A game of catch and en­joy­ing the sim­ple things

The Compass - - SPORTS - BY NICHOLAS MERCER nmercer@cb­n­com­pass.ca Nicholas Mercer Nicholas Mercer is a reporter/pho­tog­ra­pher with The Com­pass. He lives in Bay Roberts and can be reached at nmercer@ cb­n­com­pass.ca

Pla­cen­tia’s Liam Shea wanted to throw some­thing a lit­tle dif­fer­ent at the crowd from Ivan­hoe, Ont., in the fi­nal of the Eastern Cana­dian Cham­pi­onships in CBS.

He’d al­ready reg­is­tered a shutout of the Storm dur­ing the round robin and knew they’d be ex­pect­ing the 16-year-old to fol­low a bit of the same game plan in the fi­nal of the soft­ball tour­na­ment on Aug. 28.

“I fig­ured they’d know what was com­ing and I wanted to throw them off a bit,” said Shea.

In the first meet­ing, he fed On­tario hit­ters a steady stream of rise balls. That led him to uti­lize his drop ball a lit­tle more in the sec­ond game. He also throws a fast­ball, changeup and is work­ing on a curve­ball.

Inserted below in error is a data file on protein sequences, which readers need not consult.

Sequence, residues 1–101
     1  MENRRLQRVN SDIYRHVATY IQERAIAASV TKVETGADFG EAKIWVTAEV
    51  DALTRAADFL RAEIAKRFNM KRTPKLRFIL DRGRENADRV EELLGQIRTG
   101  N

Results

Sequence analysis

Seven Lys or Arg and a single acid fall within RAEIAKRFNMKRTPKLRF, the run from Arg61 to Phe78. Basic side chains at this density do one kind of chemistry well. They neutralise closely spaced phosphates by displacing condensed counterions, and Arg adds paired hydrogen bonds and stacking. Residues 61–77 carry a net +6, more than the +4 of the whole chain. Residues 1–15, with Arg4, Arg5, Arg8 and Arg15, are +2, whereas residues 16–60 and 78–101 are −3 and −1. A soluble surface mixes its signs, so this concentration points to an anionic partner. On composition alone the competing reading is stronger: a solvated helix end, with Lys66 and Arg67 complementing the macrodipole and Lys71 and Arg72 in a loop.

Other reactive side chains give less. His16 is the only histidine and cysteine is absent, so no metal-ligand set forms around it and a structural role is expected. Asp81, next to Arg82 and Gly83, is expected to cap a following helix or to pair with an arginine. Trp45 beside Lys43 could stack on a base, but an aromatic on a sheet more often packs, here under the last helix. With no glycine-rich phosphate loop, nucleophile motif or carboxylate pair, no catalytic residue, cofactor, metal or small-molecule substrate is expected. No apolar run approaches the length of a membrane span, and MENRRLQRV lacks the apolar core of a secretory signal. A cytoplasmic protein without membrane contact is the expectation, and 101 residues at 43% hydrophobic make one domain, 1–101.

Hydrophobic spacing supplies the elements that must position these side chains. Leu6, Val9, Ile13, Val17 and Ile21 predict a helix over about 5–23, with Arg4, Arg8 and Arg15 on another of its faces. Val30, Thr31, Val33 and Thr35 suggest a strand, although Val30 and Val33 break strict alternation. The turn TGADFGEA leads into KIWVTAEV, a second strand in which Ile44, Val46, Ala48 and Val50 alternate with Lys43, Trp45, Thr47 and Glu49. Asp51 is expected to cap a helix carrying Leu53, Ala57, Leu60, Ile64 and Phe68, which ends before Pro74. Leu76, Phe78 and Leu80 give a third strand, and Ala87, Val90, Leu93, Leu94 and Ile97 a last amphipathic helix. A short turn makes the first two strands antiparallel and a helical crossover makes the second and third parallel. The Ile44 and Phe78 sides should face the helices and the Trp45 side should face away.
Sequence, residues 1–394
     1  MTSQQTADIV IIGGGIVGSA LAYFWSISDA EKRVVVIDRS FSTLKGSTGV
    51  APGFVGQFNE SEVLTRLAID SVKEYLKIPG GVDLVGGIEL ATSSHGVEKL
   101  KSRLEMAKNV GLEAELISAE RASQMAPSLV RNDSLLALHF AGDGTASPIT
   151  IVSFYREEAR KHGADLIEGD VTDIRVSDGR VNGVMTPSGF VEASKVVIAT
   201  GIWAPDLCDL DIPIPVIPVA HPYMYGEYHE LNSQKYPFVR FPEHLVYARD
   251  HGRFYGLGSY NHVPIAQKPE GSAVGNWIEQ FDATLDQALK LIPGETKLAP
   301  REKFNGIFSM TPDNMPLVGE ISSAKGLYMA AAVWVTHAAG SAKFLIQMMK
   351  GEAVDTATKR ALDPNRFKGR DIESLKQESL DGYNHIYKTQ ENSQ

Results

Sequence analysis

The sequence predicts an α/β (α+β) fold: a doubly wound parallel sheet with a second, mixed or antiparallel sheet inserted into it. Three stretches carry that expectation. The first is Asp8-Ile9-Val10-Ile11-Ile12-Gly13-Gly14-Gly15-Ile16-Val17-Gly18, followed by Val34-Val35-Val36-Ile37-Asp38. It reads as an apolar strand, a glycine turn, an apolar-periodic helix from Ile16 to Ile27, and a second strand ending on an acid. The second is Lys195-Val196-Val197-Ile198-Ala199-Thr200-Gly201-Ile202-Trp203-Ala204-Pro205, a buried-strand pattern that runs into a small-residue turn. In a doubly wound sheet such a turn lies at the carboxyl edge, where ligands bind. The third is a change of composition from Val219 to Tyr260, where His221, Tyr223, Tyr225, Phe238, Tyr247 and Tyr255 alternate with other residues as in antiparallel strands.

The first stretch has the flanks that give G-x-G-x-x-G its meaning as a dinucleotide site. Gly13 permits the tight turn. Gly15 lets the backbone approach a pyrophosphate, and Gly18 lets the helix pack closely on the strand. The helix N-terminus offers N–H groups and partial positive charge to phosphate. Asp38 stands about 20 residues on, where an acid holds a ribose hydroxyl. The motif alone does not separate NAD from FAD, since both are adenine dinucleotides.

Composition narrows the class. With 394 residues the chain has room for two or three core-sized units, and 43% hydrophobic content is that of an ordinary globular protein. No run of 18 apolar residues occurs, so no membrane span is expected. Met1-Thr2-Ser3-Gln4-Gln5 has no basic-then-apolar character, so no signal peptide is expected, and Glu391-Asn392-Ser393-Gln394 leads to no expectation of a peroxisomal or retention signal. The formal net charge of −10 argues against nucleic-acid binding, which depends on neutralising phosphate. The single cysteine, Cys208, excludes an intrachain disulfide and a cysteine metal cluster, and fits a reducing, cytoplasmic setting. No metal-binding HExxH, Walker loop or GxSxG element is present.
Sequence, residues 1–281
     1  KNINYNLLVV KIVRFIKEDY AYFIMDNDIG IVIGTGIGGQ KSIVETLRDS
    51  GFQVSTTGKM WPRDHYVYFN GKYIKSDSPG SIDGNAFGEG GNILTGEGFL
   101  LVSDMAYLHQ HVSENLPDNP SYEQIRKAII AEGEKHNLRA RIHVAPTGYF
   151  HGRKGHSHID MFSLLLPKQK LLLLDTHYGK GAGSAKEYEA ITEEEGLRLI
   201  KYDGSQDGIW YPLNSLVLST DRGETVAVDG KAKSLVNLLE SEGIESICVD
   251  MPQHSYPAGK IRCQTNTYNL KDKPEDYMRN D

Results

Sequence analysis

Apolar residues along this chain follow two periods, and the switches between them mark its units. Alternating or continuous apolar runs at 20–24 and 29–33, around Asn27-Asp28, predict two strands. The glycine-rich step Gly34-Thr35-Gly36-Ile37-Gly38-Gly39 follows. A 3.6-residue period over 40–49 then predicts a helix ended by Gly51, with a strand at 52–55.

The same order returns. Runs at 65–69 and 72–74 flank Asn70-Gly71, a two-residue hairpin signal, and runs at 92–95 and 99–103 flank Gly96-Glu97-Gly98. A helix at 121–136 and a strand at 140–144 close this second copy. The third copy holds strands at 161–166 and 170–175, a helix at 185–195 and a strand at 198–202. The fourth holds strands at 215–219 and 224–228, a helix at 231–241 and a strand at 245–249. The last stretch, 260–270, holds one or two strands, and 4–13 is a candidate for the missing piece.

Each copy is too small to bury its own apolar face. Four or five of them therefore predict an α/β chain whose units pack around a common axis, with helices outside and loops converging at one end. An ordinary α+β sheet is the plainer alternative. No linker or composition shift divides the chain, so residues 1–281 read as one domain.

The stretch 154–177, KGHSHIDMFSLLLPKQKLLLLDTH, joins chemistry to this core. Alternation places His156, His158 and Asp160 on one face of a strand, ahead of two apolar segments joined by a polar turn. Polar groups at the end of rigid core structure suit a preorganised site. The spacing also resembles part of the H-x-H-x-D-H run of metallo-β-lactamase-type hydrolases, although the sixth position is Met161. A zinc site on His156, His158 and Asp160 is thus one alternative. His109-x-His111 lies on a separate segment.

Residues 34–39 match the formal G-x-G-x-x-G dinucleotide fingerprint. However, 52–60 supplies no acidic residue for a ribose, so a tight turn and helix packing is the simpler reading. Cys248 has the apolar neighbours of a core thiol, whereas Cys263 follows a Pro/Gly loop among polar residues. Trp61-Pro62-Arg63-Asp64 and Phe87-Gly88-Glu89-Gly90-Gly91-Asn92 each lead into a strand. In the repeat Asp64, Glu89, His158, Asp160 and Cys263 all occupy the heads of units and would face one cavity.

Af­ter al­low­ing a run in the first in­ning, he set­tled in and scat­tered six hits over the next six in­nings while strik­ing out seven to help his team pick up the 4-2 vic­tory.

Af­ter the game, Shea was named the tour­na­ment’s most valu­able player.

De­spite adding some high per­sonal ac­com­plish­ments to his soft­ball resume, Shea was quick to push the spot­light on his team­mates.

He rec­og­nized his squad showed “a lot of heart” and “good char­ac­ter “hav­ing to come back twice in the fi­nal to seal the deal.

“It was a to­tal team win. It was a great at­mos­phere and we all came to play,” said Shea.